Tarmac Aerosave provides services to keep aircraft in flying condition or recycle them at the end of their lifecycles. With Airbus as a shareholder, the company began operations in 2009 at Tarbes, southwest France. As of 2013, it has started running a second site at Teruel, northeast Spain, with an aircraft storage capacity 10 times that of Tarbes. Airbus helped lay the basis for this with its PAMELA project in 2005, which involved dismantling an Airbus A300 and the A380 static test version, reusing and recycling the maximum number of items and reprocessing the dangerous materials.
Tarmac Aerosave is part of a sustainable development process, and all its activities are undertaken in accordance with the highest environmental and safety criteria. In the last three years, the company has stored over 120 aircraft and recycled more than 40 from worldwide. Alongside recycling, it offers storage and maintenance services. With space for 250 aircraft, its bases enable customers to keep their aircraft in storage conditions and then either restore them to flight conditions for a new life or recycle them.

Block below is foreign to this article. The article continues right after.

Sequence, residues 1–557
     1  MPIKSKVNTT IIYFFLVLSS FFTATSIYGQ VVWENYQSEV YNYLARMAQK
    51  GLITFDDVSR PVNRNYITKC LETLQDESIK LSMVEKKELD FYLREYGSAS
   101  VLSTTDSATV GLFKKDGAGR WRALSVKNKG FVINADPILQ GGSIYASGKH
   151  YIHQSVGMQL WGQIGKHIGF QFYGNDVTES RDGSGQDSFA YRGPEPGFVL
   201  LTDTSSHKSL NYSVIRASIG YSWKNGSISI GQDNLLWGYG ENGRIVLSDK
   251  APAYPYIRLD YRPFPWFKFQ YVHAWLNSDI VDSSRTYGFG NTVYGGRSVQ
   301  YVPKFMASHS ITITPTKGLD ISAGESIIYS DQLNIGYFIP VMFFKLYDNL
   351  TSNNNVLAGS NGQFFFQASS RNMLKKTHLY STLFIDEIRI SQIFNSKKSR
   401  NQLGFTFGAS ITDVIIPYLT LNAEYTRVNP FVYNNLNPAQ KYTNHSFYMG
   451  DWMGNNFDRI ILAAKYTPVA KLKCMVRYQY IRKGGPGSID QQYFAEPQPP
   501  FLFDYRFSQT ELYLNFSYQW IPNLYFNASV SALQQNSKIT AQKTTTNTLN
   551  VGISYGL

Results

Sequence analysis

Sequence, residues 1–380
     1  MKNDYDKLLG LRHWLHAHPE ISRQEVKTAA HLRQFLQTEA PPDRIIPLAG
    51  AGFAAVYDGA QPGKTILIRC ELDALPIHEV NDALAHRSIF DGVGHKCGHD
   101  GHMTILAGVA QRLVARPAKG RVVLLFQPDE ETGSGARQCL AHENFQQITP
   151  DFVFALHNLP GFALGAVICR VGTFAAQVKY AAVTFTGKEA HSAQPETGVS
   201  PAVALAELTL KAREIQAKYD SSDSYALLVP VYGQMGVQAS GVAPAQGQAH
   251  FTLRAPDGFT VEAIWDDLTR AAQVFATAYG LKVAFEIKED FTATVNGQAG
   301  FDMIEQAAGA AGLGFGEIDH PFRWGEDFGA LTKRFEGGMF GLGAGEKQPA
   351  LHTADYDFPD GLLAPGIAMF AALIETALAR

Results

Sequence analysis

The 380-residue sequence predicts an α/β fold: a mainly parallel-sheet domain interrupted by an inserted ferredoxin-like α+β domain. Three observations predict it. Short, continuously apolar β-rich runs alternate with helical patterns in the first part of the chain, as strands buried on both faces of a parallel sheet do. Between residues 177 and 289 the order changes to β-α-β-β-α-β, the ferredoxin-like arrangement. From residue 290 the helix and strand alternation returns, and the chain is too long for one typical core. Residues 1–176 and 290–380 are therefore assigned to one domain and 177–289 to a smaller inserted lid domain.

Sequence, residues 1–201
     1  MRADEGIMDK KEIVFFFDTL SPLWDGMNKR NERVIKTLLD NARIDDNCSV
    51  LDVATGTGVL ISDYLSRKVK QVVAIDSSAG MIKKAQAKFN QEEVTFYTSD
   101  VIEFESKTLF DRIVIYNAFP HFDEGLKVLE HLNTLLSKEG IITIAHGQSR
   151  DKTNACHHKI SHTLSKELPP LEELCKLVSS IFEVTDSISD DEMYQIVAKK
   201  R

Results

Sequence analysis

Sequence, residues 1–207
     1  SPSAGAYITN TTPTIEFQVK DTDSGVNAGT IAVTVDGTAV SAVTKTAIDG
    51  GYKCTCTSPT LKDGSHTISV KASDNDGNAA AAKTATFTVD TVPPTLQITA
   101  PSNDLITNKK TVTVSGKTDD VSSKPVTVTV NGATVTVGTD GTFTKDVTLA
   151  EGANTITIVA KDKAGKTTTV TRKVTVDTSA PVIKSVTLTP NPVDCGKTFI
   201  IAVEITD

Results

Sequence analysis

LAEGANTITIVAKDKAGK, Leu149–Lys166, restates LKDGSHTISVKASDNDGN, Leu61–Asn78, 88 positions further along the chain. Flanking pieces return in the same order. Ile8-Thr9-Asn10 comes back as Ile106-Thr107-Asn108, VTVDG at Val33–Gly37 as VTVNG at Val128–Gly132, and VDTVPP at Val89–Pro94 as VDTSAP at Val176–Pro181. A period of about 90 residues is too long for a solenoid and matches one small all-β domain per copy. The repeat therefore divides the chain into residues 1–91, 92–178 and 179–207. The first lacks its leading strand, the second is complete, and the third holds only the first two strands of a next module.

The recycling process begins with removing the plane’s interior fittings and moveable parts. The components – from flight deck instruments to control surfaces and landing gear – are meticulously labelled, logged in a database with a photo and packaged up in customised crates. Tarmac Aerosave also manages shipping. For example, landing gear and wing flaps can be reinstalled in new planes while cockpits are reborn as flight simulators. All parts that are saved can be sold on by the aircraft owners.
The next step sees the airframe being dismantled using, for example, a dedicated, dust-free fuselage cutting process and a wire cutting process that avoids hot points and mixing of materials. As a result, 90% of the total weight of the aircraft can be recovered. Predictions state that more than 12,000 aircraft will be retired or withdrawn from service over the next 20 years, meaning that there is a clear need to dispose of planes in an environmentally friendly way, rather than leaving them to rust in deserts or at airports.
Through this process, recycling techniques for certain metals have also been improved. For instance, previously the plane used to be crushed along with the aluminium. Now, techniques allow the metal both to be recovered and its quality maintained so that it can be resold to foundries for reuse on new aircraft. Dismantling old aircraft will also allow engineers to design more efficient future aircraft. Understanding how parts erode, decay or develop over time is valuable knowledge that can be transferred into new designs.
The recycling work Tarmac Aerosave carries out extends to CFM56 engines. The work involves major module to piece parts dismantling, and component tracking, packaging and shipping. CFM56 turbofan engines are co-produced by GE and SNECMA and are fitted to Airbus A340 and A320 Family aircraft, among others. Altogether, they have clocked up over 53,000 years’ flight time.